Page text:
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Everything You Need To Know About Hairballs


What is the condition of hairballs? Hairballs result from accumulations of hair in the digestive tract. Cats are fastidious cleaners, spending a great deal of time grooming their hair. When a cat grooms, its rough tongue pulls loose, dead hair from the coat. This hair is then swallowed and can accumulate in the cats stomach and becomes a source of irritation. Some hair may be passed from the cats body in the feces or could be coughed up in the form of a hairball.

What are the signs of hairballs? Some typical signs of hairballs in cats are:

- gagging
- occasional vomiting
- eating small quantities of food at a time
- weight loss, or even a complete loss of appetite
- constipation
- regurgitation of undigested food right after it is eaten
- dry coughing from deep inside (strange noises made through the nose and throat, almost like a muted cough)

Hairball prevention starts with a regular grooming schedule using combs, slicker brushes and grooming mitts especially on long-haired breeds of cats and during shedding seasons and warmer months. Adding high fiber levels (soluble & insoluble) to the diet helps to facilitate the transition of hair through the gastrointestinal tract. This is a natural and effective way to help minimize the formation of feline hairballs.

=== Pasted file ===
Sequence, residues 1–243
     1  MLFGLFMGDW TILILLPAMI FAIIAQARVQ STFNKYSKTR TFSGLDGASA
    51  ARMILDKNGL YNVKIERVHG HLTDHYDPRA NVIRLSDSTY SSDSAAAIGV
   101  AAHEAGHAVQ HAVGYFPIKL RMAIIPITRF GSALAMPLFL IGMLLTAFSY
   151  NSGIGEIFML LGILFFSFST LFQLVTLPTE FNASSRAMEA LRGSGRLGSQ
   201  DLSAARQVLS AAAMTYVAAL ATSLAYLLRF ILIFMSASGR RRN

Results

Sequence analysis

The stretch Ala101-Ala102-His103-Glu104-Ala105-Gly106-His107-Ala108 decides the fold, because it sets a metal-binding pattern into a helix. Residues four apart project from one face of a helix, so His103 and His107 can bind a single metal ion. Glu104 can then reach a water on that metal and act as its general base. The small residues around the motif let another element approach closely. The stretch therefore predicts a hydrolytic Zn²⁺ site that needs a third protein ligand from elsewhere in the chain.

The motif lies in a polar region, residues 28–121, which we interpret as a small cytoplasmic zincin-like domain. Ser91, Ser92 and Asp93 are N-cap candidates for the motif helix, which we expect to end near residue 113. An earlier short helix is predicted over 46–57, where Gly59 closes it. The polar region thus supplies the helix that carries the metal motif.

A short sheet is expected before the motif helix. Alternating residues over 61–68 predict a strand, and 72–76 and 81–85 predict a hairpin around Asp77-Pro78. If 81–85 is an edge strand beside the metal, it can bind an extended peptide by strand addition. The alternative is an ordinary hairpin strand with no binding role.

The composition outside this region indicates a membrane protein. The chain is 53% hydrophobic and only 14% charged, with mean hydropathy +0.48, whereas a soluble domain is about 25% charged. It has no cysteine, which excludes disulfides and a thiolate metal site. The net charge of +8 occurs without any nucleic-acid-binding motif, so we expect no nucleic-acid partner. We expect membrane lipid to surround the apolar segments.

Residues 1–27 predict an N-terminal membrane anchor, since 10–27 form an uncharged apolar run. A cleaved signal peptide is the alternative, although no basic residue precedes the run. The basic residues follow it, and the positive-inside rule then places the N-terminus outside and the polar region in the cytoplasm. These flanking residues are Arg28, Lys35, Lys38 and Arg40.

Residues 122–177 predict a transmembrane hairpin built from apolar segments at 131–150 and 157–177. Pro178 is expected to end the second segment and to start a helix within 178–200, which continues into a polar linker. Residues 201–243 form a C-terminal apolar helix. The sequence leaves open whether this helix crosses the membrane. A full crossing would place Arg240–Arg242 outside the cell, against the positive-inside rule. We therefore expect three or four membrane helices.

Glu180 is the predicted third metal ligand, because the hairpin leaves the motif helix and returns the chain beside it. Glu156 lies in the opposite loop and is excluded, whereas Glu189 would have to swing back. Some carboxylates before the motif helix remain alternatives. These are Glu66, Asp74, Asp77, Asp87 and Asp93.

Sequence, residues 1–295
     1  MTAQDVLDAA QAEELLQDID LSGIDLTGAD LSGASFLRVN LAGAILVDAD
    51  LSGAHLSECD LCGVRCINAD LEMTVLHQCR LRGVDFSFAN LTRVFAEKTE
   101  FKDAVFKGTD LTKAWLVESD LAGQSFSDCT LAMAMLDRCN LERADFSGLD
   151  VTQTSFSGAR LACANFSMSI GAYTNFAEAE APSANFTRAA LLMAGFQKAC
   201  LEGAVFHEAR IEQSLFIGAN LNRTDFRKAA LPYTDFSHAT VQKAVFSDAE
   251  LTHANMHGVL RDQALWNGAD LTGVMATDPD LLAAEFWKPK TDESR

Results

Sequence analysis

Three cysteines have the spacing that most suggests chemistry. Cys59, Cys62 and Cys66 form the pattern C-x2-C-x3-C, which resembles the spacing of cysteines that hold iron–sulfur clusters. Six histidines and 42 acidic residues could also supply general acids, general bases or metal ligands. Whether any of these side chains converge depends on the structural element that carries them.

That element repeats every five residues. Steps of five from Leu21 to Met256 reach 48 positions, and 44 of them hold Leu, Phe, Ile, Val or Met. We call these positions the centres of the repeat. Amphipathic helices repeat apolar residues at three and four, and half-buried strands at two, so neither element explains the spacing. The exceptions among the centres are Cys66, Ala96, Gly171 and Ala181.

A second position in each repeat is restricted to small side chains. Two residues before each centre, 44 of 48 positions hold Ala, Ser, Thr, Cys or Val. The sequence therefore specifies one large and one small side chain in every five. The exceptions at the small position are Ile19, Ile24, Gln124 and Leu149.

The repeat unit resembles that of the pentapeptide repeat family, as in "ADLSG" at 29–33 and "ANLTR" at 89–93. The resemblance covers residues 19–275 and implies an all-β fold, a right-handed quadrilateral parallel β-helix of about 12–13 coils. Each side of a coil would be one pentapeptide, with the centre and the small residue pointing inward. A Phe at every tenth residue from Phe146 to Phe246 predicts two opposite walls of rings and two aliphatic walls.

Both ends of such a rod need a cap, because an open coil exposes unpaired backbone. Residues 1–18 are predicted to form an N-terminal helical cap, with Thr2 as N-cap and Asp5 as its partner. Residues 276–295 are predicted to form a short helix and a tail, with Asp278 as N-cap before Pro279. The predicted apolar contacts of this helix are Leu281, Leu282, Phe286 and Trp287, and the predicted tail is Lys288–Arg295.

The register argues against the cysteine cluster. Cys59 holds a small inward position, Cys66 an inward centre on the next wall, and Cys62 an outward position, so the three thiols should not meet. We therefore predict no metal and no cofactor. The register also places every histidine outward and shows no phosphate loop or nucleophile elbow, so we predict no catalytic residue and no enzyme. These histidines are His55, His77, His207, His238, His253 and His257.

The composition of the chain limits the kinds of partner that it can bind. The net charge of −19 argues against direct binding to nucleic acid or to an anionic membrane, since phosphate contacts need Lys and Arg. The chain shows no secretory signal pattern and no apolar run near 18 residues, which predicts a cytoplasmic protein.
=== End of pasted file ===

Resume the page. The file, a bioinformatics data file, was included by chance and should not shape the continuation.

Frequently Asked Questions:

Do hairballs affect certain cats and not others? Hairballs can afflict any cat, whether it is a short or long-haired breed, but tend to be more prevalent in long-haired cats. This is simply because they have more hair.

Are hairballs more common at certain times of the year or in certain regions of the country? Even though cats are prone to develop hairballs any time of the year, more occur during shedding seasons and warmer months. This is typically because cats shed more during these times.

Can a hairball lead to surgery? Occasionally a hairball can become serious if it develops into a large enough mass, causing severe or complete obstruction/impaction and possible loss of digestive function and can require surgery. This is a rare occurance.

Are hairballs more common now than they were before the domestication of cats? Do outdoor cats have as much of a problem with hairballs as indoor cats?

Both indoor and outdoor cats are prone to hairballs. The severity and occurrences of the hairballs depends a lot on the coat length, if they are groomed on a regular basis, and if they groom or shed excessively. Please help keep your cat from choking on hairballs by regular grooming. This means grooming your cat on a regular basis will reduce hairballs.

 


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